Pilot assessments have been completed for Cape Cod National Seashore in Massachusetts, Gulf Islands National Seashore in Mississippi and Florida, and Olympic National Park in Washington. Preliminary results from the USGS investigations show important differences in and among parks in terms of their vulnerability to coastal change due to future sea-level rise. For example, Cape Cod National Seashore has a variable coastal landscape consisting of high glacial bluffs, beaches, sand spits, and salt-marsh wetlands. The areas most vulnerable to sea-level rise (fig. 1) have the lowest regional coastal slopes, geomorphologic types that are susceptible to inundation, and the highest rates of shoreline change (fig. 2). Areas backed by glacial bluffs, comprising much of the coast, have a CVI indicating low risk. Conversely, Gulf Islands National Seashore has large areas of very high risk, because it is almost entirely a low-lying barrier-island system located on a low regional coastal slope (fig. 3).

Photograph showing narrowed beach and eroded dunes at Coast Guard Beach, Cape Cod National Seashore, Mass.     Figure 2. A narrow beach and eroded dunes result from a recent winter storm at Coast Guard Beach, Cape Cod National Seashore, Mass. Photograph courtesy of the National Park Service.

Photograph of the Gulf Islands National Seashore

Figure 3. Most of the Gulf Islands National Seashore, Miss. and Fla., is composed of low-lying barrier islands. In many locations, you can see from the ocean to the sound, as shown above. A combination of variables makes this seashore highly vulnerable to predicted sea-level rise. Photograph by Erika Hammar-Klose, USGS.

Some park areas that are at the greatest risk are also culturally significant or very popular. In Gulf Islands National Seashore, Civil War-era Fort Massachusetts is at great risk because of high rates of erosion, the low-sloping coastal plain, and the low-lying barrier island morphology. In contrast, most of Cape Cod National Seashore's infrastructure is located on high-elevation uplands away from the shore, and most high-visitor-use areas are accessible primarily by foot.

National Park Service staff are using the CVI data for long-term resource management plans, park facilities planning such as relocating coastal buildings or roads, and assessing long-term threats to cultural resources. For example, data from the Olympic National Park CVI study were used to identify vulnerable infrastructure and implement plans to relocate the Kalaloch Lodge (fig. 4). The data are also being integrated into the park's general management plan, the primary long-term planning document for the park. Future work for this cooperative project between the USGS and the NPS will map the coastal vulnerability index at additional parks throughout the United States and U.S. territories.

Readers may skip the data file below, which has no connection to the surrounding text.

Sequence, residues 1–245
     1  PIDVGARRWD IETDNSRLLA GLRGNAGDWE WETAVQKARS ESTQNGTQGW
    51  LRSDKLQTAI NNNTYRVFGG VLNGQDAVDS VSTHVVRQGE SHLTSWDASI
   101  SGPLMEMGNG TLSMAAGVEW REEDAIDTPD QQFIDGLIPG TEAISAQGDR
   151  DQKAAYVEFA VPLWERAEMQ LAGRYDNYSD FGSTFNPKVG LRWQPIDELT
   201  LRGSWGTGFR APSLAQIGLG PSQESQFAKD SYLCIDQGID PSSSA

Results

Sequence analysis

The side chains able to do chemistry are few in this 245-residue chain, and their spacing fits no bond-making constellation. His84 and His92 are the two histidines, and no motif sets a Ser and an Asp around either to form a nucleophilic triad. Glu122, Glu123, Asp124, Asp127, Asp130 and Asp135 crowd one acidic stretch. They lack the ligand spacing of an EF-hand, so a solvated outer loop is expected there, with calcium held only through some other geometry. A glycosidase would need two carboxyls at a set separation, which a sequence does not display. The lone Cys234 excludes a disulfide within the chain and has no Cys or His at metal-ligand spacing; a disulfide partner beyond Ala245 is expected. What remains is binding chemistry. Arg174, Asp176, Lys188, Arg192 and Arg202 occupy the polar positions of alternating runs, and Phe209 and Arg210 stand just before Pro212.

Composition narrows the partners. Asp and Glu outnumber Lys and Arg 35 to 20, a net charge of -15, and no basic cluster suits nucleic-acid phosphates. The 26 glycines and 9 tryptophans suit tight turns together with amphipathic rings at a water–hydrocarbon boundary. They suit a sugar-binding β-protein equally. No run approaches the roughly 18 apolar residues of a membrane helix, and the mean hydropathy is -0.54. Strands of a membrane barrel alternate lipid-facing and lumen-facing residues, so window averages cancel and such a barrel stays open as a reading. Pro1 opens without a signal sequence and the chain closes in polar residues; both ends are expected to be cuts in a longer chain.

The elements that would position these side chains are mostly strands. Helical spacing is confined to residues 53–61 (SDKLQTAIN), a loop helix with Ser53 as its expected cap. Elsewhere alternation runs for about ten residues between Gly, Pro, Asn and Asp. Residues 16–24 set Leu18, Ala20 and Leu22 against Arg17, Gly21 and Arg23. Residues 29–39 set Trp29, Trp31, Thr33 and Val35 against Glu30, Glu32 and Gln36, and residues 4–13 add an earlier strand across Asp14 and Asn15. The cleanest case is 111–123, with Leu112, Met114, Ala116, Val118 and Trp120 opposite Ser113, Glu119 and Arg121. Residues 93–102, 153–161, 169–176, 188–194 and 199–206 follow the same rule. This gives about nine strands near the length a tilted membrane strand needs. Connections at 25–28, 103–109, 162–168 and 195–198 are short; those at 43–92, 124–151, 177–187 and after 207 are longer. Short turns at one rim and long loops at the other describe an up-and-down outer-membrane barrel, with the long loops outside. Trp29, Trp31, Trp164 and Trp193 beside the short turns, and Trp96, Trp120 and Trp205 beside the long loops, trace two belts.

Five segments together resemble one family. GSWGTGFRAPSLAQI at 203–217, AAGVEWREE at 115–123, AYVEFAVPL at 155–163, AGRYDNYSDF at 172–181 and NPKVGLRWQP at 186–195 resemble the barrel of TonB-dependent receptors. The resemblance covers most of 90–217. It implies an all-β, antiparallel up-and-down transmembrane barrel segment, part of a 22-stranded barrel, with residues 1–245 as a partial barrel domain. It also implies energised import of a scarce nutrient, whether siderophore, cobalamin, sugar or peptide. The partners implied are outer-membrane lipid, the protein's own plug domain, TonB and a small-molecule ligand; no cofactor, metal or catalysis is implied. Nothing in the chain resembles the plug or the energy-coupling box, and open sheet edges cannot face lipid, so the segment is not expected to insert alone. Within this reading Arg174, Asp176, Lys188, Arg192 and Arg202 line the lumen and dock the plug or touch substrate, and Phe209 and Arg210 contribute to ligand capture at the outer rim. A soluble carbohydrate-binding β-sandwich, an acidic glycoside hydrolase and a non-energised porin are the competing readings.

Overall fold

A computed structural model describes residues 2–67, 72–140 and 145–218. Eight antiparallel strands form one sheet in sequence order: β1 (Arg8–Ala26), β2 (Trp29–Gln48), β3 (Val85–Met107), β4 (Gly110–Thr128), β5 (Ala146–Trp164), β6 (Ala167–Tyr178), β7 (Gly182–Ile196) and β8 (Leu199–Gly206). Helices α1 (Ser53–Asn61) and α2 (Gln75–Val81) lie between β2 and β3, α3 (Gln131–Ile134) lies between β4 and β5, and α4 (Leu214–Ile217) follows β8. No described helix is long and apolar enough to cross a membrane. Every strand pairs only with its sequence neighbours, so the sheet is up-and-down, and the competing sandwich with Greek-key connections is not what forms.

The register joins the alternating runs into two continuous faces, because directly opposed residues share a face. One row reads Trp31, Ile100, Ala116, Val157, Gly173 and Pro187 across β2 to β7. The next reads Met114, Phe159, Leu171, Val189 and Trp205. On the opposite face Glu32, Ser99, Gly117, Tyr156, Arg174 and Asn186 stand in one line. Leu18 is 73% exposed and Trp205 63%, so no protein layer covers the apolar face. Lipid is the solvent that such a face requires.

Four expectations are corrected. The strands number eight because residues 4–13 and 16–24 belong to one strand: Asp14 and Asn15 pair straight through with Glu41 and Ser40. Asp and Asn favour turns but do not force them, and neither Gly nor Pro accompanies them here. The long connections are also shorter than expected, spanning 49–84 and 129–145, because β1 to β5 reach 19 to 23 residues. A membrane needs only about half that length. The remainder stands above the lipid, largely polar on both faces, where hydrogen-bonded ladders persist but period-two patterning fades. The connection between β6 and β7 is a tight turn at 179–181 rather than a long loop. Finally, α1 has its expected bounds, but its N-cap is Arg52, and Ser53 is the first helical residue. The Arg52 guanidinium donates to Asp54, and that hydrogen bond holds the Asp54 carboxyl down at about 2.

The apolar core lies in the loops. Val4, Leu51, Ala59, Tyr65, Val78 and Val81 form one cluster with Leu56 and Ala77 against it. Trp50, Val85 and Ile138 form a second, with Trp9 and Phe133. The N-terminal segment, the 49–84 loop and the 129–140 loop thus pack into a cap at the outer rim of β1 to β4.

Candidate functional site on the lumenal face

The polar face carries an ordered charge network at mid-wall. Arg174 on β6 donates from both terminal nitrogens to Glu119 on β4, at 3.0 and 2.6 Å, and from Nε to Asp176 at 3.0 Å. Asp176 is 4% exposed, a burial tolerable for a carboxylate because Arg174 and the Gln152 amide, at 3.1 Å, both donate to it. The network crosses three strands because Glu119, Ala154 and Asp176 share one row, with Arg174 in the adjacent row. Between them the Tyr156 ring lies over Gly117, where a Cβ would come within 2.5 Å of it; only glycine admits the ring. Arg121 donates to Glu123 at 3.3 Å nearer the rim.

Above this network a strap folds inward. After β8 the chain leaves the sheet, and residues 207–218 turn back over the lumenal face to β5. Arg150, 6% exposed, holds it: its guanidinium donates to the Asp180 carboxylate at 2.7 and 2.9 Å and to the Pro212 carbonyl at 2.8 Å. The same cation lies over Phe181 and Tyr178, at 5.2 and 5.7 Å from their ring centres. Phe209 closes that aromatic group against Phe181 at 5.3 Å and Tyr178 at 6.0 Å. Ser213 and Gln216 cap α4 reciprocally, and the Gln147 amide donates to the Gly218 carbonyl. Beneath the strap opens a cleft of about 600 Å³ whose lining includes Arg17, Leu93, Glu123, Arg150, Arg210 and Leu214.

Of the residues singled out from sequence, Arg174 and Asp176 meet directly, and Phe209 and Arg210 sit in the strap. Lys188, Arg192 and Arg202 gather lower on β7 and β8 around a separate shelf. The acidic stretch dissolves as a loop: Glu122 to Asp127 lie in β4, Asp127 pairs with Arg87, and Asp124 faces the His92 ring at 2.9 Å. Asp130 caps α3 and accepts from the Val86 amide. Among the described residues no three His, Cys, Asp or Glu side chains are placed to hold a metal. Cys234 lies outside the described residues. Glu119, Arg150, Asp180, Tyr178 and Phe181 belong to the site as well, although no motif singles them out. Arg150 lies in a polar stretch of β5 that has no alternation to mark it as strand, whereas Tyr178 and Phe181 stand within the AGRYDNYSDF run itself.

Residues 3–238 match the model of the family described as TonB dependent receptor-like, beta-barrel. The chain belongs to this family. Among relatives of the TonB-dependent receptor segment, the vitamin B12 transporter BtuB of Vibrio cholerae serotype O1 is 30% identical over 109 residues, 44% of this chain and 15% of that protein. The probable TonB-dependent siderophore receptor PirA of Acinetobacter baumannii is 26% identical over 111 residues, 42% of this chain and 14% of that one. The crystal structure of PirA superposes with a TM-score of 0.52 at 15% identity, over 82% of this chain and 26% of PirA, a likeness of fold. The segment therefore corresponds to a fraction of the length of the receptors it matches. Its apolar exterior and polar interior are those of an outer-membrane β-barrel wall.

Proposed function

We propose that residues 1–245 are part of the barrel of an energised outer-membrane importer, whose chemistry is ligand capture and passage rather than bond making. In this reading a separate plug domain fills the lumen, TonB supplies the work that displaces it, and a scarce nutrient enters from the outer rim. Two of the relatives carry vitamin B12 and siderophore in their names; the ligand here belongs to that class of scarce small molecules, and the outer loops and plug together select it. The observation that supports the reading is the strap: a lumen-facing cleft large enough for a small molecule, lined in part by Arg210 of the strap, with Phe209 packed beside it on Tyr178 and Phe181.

Figure 4. Kalaloch Lodge in Olympic National Park, Wash., is threatened by erosion. Long-term plans call for moving the lodge back from the cliff edge. Photograph by Erika Hammar-Klose, USGS.   Photograph of Kalaloch Lodge in Olympic National Park, Wash.


Douglas, B.C., 1997, Global sea rise; A redetermination: Surveys in Geophysics, v. 18, p. 279-292.

Great Lakes Regional Assessment Group, 2000, Preparing for a changing climate; The potential consequences of climate variability and change—Great Lakes overview (edited by P.J. Sousounis and J.M. Bisanz): Ann Arbor, MI, University of Michigan, 106 p.

Hammar-Klose, E.S., and Thieler, E.R., 2001, Coastal vulnerability to sea-level rise; A preliminary database for the U.S. Atlantic, Pacific, and Gulf of Mexico coasts: U.S. Geological Survey Digital Data Series DDS-68, one CD-ROM (Available online at

Intergovernmental Panel on Climate Change, 2001, Climate change 2001; The scientific basis, contribution of Working Group I to the third assessment report of the Intergovernmental Panel on Climate Change: Cambridge, England, Cambridge University Press, 944 p. (Available online at

For additional information, please contact:

E. Robert Thieler and S. Jeffress Williams
U.S. Geological Survey
384 Woods Hole Road
Woods Hole, MA 02543-1598
Telephone: 508-548-8700

Rebecca Beavers
National Park Service
Natural Resource Program Center
Geologic Resources Division
P.O. Box 25287
Denver, CO 80225-0287
Telephone: 303-987-6945

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U.S. Department of the Interior, U.S. Geological Survey
For more information, contact E. Robert Thieler, S. Jeffress Williams, or Rebecca Beavers